Because the operators have an overview of the situation, they can communicate directly with the responding officers to alert them to any changing situations while they are on route, and guide them while on scene with additional useful information, such as suspicious activity happening nearby. And, if the situation changes, operators are able to quickly call for additional response instead of waiting for officers to arrive on scene to make that determination. This “eye in the sky” support function can be a very important factor in the support of on-scene responders, and can improve the overall outcome of many emergency situations.

The video system can also improve and supplement “after action” reporting as needed for forensic case report development. Operators or other support staff can assist officers in gathering and outputting the necessary video files.

Real Time Crime Centers

Video surveillance systems can also be implemented in conjunction with Real Time Crime Centers (RTCCs), often referred to as Fusion centers. Larger cities, with larger police forces and budgets, often place higher priorities on providing map-based situational awareness based on integrating information from other data and analytic systems such as video analytics, license plate recognition, gunshot detection, and others.

Part of the reason that RTCCs are mostly used by large cities is that in these busy settings, dispatch operators have higher emergency call volume and so they are unable to continue to monitor a crime or emergency in progress. RTCCs typically employ officers and supervisors, who will use the video management system to monitor activities throughout the city. If an officer detects an emergency or a crime in progress, they will contact dispatch to process the emergency response. RTCCs rely a high level of integration between systems to create the situational awareness that officers need in emergency situations, and often require larger budgets because of the need for extensive custom software and maintenance.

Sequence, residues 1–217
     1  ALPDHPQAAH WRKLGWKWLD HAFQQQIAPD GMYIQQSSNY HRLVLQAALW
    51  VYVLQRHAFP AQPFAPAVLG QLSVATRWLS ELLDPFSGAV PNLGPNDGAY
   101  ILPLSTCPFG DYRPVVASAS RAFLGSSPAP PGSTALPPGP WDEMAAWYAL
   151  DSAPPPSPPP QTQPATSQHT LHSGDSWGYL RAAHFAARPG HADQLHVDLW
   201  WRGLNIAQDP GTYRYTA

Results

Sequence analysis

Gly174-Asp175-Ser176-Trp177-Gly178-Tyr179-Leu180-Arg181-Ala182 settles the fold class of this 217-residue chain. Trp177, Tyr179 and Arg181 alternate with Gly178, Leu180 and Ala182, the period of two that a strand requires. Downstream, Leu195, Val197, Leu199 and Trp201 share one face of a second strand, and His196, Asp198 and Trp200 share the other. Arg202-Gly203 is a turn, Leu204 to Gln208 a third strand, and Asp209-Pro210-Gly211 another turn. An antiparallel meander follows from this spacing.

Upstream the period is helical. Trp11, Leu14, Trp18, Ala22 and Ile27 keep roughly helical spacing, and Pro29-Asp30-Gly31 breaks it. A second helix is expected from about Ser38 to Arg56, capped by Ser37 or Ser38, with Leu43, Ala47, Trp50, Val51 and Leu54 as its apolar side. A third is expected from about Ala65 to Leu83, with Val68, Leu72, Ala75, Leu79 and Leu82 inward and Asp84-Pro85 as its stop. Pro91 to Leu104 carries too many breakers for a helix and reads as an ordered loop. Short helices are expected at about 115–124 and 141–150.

Here’s how the situation might unfold at a Real Time Crime Center: Unlike the Emergency Dispatch Centers, RTCCs are staffed by police officers and supervisors. They also use a combination of a multiscreen video wall and individual operator workstations, as well as a Geographic Information System (GIS) map although they do not normally receive emergency calls from the public; instead, they communicate with EMS CAD operators. But, they may also monitor city areas independent of an emergency call, and may themselves trigger an EMS dispatcher to respond to an emergency based on their observations of the video scene.

In addition, the integration of the data sources provides improved Situational Awareness capabilities. So, officers monitoring the city will have the benefit of installed video analytics such as loitering detection, crowd detection, camera tampering detection, and people counting to strengthen their ability to detect unusual activity. As was mentioned, other integrated systems can also provide useful inputs to detect potential emergencies or to locate people of interest. These include not only the license plate and gunshot detectors mentioned above, but also systems such as automated vehicle location, traffic movement/congestion, links to crime statistic databases, and “big data” analytic applications including crime prediction, traffic pattern changes, weather prediction, and even geolocated social media analytics. The integration of all these complex systems gives officers an enormous advantage over relying upon visual monitoring or experience alone.

Once an emergency has been detected, and the responses triggered through the EMS dispatchers, RTCC officers will continue to monitor the situation and perform the “eye in the sky” functions described above. In this case, their understanding of the situation is further guided by their experience and understanding of tactics as police officers. Often, this supplemental observation will continue for the duration of officer responses to ensure the safety and security of the situation. To support the scene, officer operators can perform other useful functions such as referring to crime report data and other records to provide the on-scene officers with additional useful information and insight. After the situation is resolved, the video will support “after-action” reports as described above.


As you can see there are many similarities between Emergency Dispatch centers and Real Time Crime Centers that use video surveillance. Depending on the specific priorities, budgets, and departmental structure of each Safe City, either one of these approaches is completely valid and can be tailored to match the situation. No matter which approach is selected, Safe Cities that implement video surveillance will be in a better position to improve response times, to dispatch the right emergency equipment for each event to mitigate crime, accidents, and other emergency situations, and to provide improved overview protection for responding emergency personnel.